Find the report here.

Global Partners Launch Comprehensive, Open Access Covid-19 Dashboard on Sex & Gender

Source: International Centre for Research on Women

In a landmark step to open gender data up to the world, three prominent international authorities on gender and health have today launched the world’s most comprehensive global public dashboard. The dashboard illustrates clearly how COVID-19 affects the health of men and women differently across the globe while dramatically increasing the number of countries monitored.

The dashboard is the first action of the Sex, Gender and COVID-19 Project – a partnership of Global Health 50/50 (GH5050) based in the UK, the International Center for Research on Women (ICRW) based in India and the U.S., and the African Population and Health Research Center (APHRC), based in Kenya. They have banded together to work with governments across the world to improve the understanding of a crucial area of health promotion and disease management. Combined with the data from the dashboard, the partnership aims to support governments and health bodies to generate the insights they need to make evidence-based decisions when designing COVID-19 responses.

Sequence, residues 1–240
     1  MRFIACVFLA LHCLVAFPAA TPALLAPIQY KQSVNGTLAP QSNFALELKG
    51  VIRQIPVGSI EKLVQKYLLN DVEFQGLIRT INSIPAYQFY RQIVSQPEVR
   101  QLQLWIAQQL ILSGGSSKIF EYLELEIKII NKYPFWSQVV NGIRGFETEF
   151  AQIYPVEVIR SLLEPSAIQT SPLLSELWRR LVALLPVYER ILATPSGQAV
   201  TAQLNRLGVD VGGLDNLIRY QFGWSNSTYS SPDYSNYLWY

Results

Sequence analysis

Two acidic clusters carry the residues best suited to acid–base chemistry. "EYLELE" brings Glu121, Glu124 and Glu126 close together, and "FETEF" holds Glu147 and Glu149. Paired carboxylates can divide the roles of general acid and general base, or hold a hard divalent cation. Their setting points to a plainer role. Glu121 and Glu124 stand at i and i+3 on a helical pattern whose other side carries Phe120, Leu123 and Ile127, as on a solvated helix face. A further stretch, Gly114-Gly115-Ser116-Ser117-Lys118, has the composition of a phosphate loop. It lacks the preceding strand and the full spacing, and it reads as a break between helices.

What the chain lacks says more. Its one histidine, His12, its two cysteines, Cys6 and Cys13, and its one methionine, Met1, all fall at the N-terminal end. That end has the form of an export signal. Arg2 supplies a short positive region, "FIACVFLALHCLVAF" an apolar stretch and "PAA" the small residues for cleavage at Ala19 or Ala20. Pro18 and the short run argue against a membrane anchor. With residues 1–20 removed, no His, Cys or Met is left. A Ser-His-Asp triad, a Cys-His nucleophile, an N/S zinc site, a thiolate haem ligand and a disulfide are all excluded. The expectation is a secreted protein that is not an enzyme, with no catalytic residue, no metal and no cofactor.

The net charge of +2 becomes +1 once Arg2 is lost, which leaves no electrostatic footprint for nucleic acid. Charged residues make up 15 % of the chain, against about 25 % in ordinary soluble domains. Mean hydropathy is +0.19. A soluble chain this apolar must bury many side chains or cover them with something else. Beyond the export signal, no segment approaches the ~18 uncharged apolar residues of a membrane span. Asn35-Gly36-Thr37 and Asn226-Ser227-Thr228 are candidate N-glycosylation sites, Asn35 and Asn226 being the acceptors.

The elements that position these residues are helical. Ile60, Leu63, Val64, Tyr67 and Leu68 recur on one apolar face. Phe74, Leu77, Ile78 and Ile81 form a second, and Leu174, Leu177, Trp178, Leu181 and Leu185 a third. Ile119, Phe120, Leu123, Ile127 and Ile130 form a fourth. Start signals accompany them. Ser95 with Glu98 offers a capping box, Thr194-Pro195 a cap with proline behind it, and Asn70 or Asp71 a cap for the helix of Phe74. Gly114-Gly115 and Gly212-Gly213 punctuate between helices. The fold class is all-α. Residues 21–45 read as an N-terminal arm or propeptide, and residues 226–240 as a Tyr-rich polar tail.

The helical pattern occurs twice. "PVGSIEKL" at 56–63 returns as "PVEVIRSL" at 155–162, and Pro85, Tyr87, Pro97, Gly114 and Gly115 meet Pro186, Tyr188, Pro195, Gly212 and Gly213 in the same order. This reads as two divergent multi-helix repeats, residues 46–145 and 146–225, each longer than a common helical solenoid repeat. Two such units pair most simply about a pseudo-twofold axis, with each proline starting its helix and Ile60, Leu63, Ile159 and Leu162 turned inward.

Read more here.

Find the Dashboard here.

Media advisory: In a pandemic world, where does gender equality fit in?

Source: UN Women

As the COVID-19 pandemic continues to hold the world hostage, global leaders will gather at the largest annual intergovernmental meeting for the first time ever in a virtual session. The 75th session of the United Nations General Assembly (UNGA 75) will open on 15 September, and its General Debate will focus on how to respond to the pandemic and confront its challenges through multilateral action. The session is historic in that it will mark the 75th anniversary of the organization, through a summit meeting on 21 September.